TropTalks traverse the trajectory of modern cinema
In a series of events for TropTalks – Tropfest’s(opens in a new window) ideas and education program – Western Sydney University experts will join a stellar line-up of screen industry innovators to discuss and debate the contemporary topics that are shaping the screen industry today.
Maryella Hatfield, a Media Arts Production lecturer from the School of Humanities and Communication Arts, will appear on the Genre Busters(opens in a new window) panel on 14 February at the University’s Parramatta City campus.
Maryella is an accomplished film-maker, known for the compelling climate change documentary The Future Makers, which was broadcast on the Discovery Channel and screened in international film festivals. At Genre Busters, she will join Abe Forsythe, Yolanda Ramke and Ben Howling in challenging the audience to reconsider their expectations of topics and ideas.
“Genre-busting is not new – filmmakers have been pushing the boundaries of genre, and parting with conventional storylines and modes of storytelling since the early days of film,” says Maryella.
Maryella refers to films like Rashomon – the 1950 Japanese period film that used multiple characters’ perspectives to present ambiguous representations of the truth – and the critically acclaimed I Tonya that used a very similar plot device in 2017.
“Genre can be defined in many ways. To some, it can be seen as a bit of a straight-jacket that is imposed on you. Some studio executives may dictate that a story is told in a certain way, to fit within the expectations of a genre – but there are always examples of filmmakers who push back and explore the different ways of telling stories,” says Maryella.
“It’s a great thing, and filmmakers delight in it. There is an increasing appetite for films that break with convention – as more and more, audiences are coming to expect to be surprised.”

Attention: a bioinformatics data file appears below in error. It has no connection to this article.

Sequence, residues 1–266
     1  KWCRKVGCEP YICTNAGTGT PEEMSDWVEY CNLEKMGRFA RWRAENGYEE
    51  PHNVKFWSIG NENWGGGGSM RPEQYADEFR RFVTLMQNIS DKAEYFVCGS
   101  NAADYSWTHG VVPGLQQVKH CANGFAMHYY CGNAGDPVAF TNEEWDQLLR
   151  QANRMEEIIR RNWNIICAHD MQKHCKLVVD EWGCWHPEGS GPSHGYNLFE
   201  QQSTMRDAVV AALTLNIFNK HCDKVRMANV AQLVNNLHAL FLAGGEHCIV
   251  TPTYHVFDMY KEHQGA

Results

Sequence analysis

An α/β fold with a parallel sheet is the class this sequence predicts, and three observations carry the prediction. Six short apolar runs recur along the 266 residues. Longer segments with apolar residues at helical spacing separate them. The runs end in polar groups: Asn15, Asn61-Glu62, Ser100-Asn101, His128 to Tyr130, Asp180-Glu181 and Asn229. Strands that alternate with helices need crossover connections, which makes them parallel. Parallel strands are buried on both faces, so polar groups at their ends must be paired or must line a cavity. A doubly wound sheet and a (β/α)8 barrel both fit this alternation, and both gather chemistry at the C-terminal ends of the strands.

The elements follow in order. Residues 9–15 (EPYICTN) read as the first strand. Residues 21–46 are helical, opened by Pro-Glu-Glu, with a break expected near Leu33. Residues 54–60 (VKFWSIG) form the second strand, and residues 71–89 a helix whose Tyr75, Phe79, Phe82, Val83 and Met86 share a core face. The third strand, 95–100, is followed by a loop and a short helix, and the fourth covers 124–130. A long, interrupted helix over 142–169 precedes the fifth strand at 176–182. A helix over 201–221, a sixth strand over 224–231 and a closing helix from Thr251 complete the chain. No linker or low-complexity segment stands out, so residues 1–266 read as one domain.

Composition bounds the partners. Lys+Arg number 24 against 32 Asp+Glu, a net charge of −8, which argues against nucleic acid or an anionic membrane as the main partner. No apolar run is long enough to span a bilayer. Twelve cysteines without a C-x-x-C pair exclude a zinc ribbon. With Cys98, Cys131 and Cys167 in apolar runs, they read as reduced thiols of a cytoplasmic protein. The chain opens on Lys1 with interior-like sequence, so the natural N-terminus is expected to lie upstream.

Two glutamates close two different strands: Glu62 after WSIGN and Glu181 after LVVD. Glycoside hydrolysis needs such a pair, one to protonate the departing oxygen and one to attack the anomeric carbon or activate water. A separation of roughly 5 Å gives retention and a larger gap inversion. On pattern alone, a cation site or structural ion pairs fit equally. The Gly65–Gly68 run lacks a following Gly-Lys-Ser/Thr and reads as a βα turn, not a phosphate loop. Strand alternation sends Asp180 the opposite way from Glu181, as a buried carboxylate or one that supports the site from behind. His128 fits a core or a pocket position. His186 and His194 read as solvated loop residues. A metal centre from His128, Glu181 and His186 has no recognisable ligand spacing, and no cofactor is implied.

Western Sydney University PhD Candidate and TropTalks panellist, Marty Murphy.
Also joining the TropTalks line-up is Marty Murphy, a lecturer with the Australian Film, Television and Radio School and PhD Candidate within the University’s Writing and Society Research Centre.
Marty will feature alongside Susan Sarandon at the Adaptation – Bringing Stories to Life(opens in a new window) event on 16 February, also at the University’s Parramatta City campus.
The panel will also feature some of the most talented names in film adaptation today: Lion producer, Angie Fielder; the real life inspiration for Lion, Saroo Brierley; and Paper Planes director, Robert Connolly.
Marty is a filmmaker, a comedian, and as part of his PhD is analysing the fundamental principles of screen and literary comedy. Marty says he will bring to the panel a comedic and academic viewpoint to the topic of film adaptations.
“There are different ways that an adaptation can be realised – a screen adaptation can be a faithful representation of the original, a reimagining, or it can be a deliberate point of departure,” says Marty.
“Comedies and dramas are perfect for adaptation. Big Little Lies is a recent example, where the dramatic elements translated so well into a long-form episodic form. The book was much funnier – but for the HBO series, the elements of comedy that were retained offer much needed comic relief.”
Western Sydney University is proud to present TropTalks for the second year. The program of events will be hosted at the University’s Parramatta City and Sydney City campuses.
For TropTalks tickets, festival details, screening venues and regular updates on all things Trop visit: www.tropfest.org.au(opens in a new window)
The University’s campuses come alive with showcases, art displays, talks, key note addresses and more for this year’s Research Week.
Bear bile farms, which exist in some Asian countries like Vietnam and China, are a terrible reality for Asiatic black bears (Ursus thibetanus).
The Gala will showcase Western's commitment to western Sydney; outstanding alumni community; and cutting-edge health and medical research projects making an impact.